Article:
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Standing Rock

Monday, September 5, 2011

First Nation in danger of losing a generation (Ontario)

archival photo

By Linda Nguyen, Postmedia News (September 3, 2011)

The federal and provincial governments need to urgently improve basic living conditions for an impoverished, remote northern Ontario First Nations community if it wants to put an end to a "extraordinary rate" of teen suicides there, according to a yearlong review by the provincial coroner's office.
The 215-page report released Friday by the Ontario Office of the Chief Coroner identified a number of factors that it says contributed to the 16 child and youth suicides that have occurred on the Pikangikum First Nation reserve over a two-year old period.
The review found that the fly-in community of 2,400 in northwestern Ontario lacks basic infrastructure, such as easy access to clean drinking water, a sewage system, a school, recreational facilities, and health services, including substance abuse programs.
This has led to a sense of hopelessness among the younger generation in the community, concluded the report, which outlined more than 100 recommendations.
"What we require right now is action," says Assembly of First Nations Chief Shawn Atleo.
Atleo says the problems plaguing Pikangikum are not unique. Many Aboriginal communities feel like they are being "left behind" by the government.
"Canada stands for human rights around the world but the backdrop here is a deep and growing gap between First Nations and the rest of Canada," he said.
During 2006-08, 16 children and youth from 10 to 19 years old committed suicide. The majority of the deaths were hangings.
In the last two months alone, five young people have committed suicide. The latest death was of a 26-yearold on Aug. 29.
The Pikangikum First Nation has a suicide rate of 470 deaths per 100,000 people, which is 36 times the national average and one of the highest in the world, according to a 2004 article in the Canadian Journal of Native Studies.
One of the major recommendations calls on the federal government to fulfil a promise to rebuild a school in Pikangikum after the old one burnt down four years ago. Since then, classes have been held in 17 portables.
A building, says the report, would give students a sense of permanence in their community. Currently only 520 students are enrolled this year, with an estimated 300500 school-age children not attending classes at all.
Improving education prospects also would entice students to finish high school and pursue post-secondary education. None of the nine students who graduated from his school in 2009 went on to college or university.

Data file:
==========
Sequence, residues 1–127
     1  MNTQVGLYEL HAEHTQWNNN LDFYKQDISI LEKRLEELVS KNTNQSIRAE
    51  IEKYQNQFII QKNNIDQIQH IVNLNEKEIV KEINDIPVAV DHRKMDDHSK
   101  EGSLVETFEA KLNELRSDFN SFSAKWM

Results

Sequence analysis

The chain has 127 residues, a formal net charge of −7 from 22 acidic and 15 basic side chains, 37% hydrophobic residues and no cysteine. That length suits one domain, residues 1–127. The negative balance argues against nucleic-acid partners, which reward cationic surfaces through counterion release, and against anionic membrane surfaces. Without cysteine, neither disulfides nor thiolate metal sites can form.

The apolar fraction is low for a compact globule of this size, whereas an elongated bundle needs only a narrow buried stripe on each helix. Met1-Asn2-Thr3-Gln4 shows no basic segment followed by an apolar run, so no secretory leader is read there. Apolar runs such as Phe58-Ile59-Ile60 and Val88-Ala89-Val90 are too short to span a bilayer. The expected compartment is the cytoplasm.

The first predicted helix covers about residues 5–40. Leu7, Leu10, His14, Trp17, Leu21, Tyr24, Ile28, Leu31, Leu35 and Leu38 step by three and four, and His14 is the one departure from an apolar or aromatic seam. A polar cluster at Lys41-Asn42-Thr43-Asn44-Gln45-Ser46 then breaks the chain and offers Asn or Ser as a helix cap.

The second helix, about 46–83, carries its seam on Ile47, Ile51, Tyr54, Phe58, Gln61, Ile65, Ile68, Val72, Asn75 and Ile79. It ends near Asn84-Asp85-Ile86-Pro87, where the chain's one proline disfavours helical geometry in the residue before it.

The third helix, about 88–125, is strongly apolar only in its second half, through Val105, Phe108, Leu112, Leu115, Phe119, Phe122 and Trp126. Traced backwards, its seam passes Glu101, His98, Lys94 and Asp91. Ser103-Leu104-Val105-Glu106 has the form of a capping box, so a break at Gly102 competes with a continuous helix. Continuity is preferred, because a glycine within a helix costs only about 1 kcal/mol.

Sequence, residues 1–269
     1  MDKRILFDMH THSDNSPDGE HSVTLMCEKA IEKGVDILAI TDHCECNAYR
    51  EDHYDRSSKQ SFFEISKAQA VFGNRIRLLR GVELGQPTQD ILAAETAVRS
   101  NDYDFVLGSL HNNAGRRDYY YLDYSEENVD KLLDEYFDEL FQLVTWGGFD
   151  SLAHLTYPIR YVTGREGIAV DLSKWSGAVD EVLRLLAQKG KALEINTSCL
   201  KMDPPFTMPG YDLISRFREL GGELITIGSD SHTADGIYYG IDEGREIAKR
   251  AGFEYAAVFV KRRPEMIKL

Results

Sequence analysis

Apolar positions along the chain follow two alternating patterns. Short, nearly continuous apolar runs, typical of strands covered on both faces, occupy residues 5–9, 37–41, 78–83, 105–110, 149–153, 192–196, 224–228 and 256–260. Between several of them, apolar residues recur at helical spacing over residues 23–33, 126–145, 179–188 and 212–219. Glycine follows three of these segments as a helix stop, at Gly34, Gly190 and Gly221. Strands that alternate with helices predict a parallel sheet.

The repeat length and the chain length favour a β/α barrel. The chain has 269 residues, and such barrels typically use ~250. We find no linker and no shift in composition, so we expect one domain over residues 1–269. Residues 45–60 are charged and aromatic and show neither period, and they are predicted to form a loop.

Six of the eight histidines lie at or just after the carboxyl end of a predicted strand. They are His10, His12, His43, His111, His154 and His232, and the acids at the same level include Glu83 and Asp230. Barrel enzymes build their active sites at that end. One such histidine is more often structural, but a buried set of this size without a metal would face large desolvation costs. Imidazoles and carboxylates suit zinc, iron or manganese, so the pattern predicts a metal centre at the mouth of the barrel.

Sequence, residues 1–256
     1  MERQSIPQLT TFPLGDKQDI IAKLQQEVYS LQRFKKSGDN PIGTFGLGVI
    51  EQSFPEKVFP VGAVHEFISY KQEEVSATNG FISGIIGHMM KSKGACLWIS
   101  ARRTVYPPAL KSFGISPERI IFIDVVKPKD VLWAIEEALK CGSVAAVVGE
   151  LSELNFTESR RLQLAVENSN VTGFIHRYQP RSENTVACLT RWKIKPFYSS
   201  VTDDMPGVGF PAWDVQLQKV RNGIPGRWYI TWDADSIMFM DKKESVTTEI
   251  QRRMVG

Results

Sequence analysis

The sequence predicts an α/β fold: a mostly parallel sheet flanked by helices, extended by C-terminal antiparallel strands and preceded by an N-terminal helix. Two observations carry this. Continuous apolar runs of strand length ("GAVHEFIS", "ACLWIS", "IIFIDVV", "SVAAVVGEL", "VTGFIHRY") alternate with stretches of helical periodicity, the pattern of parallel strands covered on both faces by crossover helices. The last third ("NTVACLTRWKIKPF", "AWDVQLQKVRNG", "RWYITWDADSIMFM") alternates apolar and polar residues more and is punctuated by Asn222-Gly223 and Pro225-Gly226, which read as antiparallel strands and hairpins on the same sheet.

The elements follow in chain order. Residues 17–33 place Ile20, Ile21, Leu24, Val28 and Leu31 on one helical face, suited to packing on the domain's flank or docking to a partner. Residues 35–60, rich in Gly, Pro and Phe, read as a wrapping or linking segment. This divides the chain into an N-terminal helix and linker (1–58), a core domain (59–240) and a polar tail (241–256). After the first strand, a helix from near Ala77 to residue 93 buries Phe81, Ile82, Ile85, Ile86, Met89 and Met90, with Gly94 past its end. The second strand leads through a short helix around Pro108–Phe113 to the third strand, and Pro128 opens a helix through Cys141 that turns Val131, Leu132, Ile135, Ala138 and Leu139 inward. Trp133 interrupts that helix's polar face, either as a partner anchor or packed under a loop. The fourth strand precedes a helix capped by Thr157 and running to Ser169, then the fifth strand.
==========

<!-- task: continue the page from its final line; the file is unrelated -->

None of those who died sought medical help in the month before their suicides. Almost all had a history of mental-health problems.
One of the most "troubling findings" was the rampant substance abuse among children in the community. The latest statistics show that 27 per cent of girls in Grades 3 and 4 self-reported sniffing gasoline to get intoxicated.
© Copyright (c) The Regina Leader-Post

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adoptees take back adoption narrative and reject propaganda

To Veronica Brown

Veronica, we adult adoptees are thinking of you today and every day. We will be here when you need us. Your journey in the adopted life has begun, nothing can revoke that now, the damage cannot be undone. Be courageous, you have what no adoptee before you has had; a strong group of adult adoptees who know your story, who are behind you and will always be so.

Three Years already


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Thought-provoking and moving 11 October 2012
Two Worlds - Lost children of the Indian Adoption Projects

If you thought that ethnic cleansing was something for the history books, think again. This work tells the stories of Native American Indian adoptees "The Lost Birds" who continue to suffer the effects of successive US and Canadian government policies on adoption; policies that were in force as recently as the 1970's. Many of the contributors still bear the scars of their separation from their ancestral roots. What becomes apparent to the reader is the reality of a racial memory that lives in the DNA of adoptees and calls to them from the past.
The editors have let the contributors tell their own stories of their childhood and search for their blood relatives, allowing the reader to gain a true impression of their personalities. What becomes apparent is that nothing is straightforward; re-assimilation brings its own cultural and emotional problems. Not all of the stories are harrowing or sad; there are a number of heart-warming successes, and not all placements amongst white families had negative consequences. But with whom should the ultimate decision of adoption reside? Government authorities or the Indian people themselves? Read Two Worlds and decide for yourself.

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As the single largest unregulated industry in the United States, adoption is viewed as a benevolent action that results in the formation of “forever families.”
The truth is that it is a very lucrative business with a known sales pitch. With profits last estimated at over $1.44 billion dollars a year, mothers who consider adoption for their babies need to be very aware that all of this promotion clouds the facts and only though independent research can they get an accurate account of what life might be like for both them and their child after signing the adoption paperwork.

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